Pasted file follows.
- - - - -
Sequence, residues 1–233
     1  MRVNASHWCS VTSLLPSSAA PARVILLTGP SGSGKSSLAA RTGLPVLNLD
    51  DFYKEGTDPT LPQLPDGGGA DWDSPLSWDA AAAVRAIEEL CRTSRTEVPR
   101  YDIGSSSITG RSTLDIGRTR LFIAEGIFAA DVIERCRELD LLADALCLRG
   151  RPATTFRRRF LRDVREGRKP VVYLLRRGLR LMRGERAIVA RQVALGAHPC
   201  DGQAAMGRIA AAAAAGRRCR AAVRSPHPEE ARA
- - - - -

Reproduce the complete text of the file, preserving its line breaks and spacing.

Sequence, residues 1–233
     1  MRVNASHWCS VTSLLPSSAA PARVILLTGP SGSGKSSLAA RTGLPVLNLD
    51  DFYKEGTDPT LPQLPDGGGA DWDSPLSWDA AAAVRAIEEL CRTSRTEVPR
   101  YDIGSSSITG RSTLDIGRTR LFIAEGIFAA DVIERCRELD LLADALCLRG
   151  RPATTFRRRF LRDVREGRKP VVYLLRRGLR LMRGERAIVA RQVALGAHPC
   201  DGQAAMGRIA AAAAAGRRCR AAVRSPHPEE ARA